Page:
Studying at a university usually comes at a cost. As an American citizen, you have the option to study wherever you want in the world but before you make that big decision, you need to ensure it’s the right one. While there are many criteria that can guide your thinking, your choice on which university might be the best for you according to your needs will largely depend on tuition fees.
Determining how much money your studies will cost you is critical information if you are seriously considering going to university. Since American colleges can be pricey, you could be looking at alternative choices outside the US that offer free education.
If you or someone you know is interested in studying abroad, first make sure you check out this list of countries that allow you to study free of charge:
Federal and state institutions in Brazil are tuition-free. After the Brazilian Federal Constitution has given the right to universities to offer free public education from undergraduate to post-graduate level, most Brazilian institutions now only charge a small registration fee.
However, private or smaller institutions charge tuition fees that may range from $2,000 up to $10,000 depending on the field of your studies.
There currently aren’t any tuition fees in Finland for regular Finnish higher education degrees including Bachelor’s, Master’s or Doctorates, no matter where you come from.
This excludes some executive MBA degrees or other joint/double degrees that are being offered by Finnish universities in cooperation with foreign universities.
Despite the ‘no tuition fees’ policy, there have been some rumors that tuition fees will be introduced for students who come from non-EU countries.
Since April this year, the Finnish government included the fee issue into their suggestions which means it remains to be seen whether these changes will be applied or not.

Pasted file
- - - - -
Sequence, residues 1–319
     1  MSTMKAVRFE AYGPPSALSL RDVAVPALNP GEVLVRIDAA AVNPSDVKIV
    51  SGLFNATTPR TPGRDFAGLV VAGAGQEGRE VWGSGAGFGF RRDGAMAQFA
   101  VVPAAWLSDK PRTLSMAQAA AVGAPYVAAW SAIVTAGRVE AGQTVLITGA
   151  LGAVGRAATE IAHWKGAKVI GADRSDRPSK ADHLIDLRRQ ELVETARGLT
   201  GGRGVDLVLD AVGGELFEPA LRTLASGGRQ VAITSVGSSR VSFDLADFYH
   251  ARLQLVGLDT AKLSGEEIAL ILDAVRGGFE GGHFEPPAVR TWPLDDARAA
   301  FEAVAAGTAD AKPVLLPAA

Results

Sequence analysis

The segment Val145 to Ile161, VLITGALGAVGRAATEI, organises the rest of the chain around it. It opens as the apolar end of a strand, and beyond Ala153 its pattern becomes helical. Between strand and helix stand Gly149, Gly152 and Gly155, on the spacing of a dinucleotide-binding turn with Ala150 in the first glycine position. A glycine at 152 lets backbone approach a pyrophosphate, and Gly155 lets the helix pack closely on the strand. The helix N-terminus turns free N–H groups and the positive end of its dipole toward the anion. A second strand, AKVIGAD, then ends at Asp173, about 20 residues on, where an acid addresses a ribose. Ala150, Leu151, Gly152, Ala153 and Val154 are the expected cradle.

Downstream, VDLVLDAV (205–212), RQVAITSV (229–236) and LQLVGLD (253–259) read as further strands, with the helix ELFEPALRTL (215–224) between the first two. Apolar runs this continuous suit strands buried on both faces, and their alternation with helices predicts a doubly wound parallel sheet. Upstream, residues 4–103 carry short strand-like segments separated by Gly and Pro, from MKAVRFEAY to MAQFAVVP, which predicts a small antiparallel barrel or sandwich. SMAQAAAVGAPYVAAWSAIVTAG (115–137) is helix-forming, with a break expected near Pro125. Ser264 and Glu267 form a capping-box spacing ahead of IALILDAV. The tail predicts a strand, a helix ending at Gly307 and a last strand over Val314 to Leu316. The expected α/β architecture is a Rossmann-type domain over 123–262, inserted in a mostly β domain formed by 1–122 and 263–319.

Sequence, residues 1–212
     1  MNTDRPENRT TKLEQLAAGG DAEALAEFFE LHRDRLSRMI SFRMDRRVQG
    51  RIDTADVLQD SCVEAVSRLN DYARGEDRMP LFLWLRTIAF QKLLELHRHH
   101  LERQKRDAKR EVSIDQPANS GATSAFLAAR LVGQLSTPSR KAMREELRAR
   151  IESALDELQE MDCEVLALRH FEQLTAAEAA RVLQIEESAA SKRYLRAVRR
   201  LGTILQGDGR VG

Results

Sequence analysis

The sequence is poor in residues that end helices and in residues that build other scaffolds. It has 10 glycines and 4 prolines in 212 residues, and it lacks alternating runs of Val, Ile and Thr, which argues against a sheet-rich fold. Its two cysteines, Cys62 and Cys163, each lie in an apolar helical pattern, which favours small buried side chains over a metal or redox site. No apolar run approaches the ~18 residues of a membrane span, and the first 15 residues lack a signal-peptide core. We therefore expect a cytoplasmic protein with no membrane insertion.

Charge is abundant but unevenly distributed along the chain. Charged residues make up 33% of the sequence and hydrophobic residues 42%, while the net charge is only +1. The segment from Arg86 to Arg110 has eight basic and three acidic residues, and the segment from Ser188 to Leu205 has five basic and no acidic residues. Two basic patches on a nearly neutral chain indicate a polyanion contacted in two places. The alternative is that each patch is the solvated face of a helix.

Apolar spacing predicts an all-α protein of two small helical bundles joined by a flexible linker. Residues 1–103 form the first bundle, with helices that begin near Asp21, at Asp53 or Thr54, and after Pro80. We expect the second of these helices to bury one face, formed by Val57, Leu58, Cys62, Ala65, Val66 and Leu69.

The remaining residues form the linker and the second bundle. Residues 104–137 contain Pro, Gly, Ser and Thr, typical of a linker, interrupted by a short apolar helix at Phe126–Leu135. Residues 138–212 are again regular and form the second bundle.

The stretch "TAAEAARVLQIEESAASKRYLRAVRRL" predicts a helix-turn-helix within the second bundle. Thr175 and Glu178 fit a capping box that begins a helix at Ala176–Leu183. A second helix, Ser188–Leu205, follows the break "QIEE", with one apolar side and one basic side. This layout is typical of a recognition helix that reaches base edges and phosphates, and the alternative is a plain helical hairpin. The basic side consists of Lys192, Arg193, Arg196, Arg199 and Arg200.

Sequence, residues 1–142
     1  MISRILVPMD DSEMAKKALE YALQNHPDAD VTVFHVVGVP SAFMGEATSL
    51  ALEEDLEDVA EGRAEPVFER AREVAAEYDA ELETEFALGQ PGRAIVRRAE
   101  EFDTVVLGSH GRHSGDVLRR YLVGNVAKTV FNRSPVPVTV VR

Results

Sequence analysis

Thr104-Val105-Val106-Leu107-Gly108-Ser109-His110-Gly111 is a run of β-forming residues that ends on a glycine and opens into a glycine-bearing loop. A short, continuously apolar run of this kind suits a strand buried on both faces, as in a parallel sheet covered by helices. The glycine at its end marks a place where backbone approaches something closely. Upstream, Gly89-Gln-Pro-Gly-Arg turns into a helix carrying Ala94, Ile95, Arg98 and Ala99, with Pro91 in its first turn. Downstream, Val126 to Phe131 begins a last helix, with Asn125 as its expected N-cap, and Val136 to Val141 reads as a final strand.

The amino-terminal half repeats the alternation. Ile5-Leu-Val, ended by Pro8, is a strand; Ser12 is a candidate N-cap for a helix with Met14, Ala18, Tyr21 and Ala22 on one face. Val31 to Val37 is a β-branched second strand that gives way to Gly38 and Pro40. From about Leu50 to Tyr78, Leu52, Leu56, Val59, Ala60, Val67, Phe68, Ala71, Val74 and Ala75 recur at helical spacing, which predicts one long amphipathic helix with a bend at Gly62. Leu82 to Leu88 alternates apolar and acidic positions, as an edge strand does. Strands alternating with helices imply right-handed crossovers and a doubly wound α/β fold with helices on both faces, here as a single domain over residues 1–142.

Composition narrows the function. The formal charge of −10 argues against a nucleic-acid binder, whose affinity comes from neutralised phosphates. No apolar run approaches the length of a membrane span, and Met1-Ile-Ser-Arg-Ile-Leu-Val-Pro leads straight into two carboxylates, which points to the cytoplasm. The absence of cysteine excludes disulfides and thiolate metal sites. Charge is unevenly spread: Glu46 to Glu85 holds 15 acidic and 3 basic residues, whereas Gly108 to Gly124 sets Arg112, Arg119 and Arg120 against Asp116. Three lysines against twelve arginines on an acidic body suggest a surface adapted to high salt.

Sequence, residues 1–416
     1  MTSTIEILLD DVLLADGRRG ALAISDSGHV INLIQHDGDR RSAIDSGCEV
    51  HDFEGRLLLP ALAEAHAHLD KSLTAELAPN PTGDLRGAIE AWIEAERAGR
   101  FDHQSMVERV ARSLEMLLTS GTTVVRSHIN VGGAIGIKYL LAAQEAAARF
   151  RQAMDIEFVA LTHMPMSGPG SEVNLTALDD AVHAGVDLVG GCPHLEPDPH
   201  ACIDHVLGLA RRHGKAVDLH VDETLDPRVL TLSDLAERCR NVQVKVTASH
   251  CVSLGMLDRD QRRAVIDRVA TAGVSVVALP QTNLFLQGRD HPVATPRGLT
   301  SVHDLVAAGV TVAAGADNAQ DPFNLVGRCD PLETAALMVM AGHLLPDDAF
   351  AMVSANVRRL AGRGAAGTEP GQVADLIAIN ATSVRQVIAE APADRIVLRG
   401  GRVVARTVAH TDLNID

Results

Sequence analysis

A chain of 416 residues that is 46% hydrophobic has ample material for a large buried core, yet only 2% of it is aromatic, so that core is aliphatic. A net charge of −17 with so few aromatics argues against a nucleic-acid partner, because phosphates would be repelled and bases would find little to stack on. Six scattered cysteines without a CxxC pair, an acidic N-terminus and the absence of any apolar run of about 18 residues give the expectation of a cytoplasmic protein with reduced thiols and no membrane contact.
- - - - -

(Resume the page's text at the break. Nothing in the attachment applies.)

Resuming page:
State universities and state university colleges in Norway normally don’t charge tuition fees for international students, although some may charge a registration fee of up to $100 per semester.
While this means that you may have to pay a certain amount of money to be able to study, the price is still considerably much lower in contrast to other countries.
If you are interested in studying at a Master’s level, you should be aware that some specialized programs may charge tuition fees, so it’s probably worth checking into this in advance.
Some of the universities that offer free education are the Universities of Oslo, Bergen, Agder, and Nordland.
Universities in Germany charged tuition fees at relatively low rates until the government decided that there will be none for both natives and foreigners.
The aim of this change was to allow young men and women to study with a high quality standard without having any barriers that prevented them from doing so, such as high tuition fees that apply to many other European countries and the US.
However, after the tuition fees ban was lifted in 2005, Federal states gained the right to charge students. Out of the sixteen, only two (Bavaria and Lower Saxony) continue to charge tuition fees of up to €500 and the rest only charge €50 as registration fees, which are not calculated as tuition fees.
Studying at a public higher education institute in Slovenia is tuition-free for full-time EU and non-EU students whose countries have mutual agreements with Slovenia.
A registration fee is compulsory, but it’s only about €30 per year. If you are interested in part-time study or studying at a private university, you should know that you will have to pay for tuition fees.
While tuition fees may vary depending on your subject, they may start from €1,500 to €10,000.
Those countries which chose not to charge tuition fees to students realize how important higher education is to the younger population and society as a whole. Not only does this help to promote the equal opportunities agenda, it also benefits society as more educated citizens prepare to join the workforce.
Where would you rather study out of these five countries? Let us know in the comments section below…
Article contributed by Career Addict
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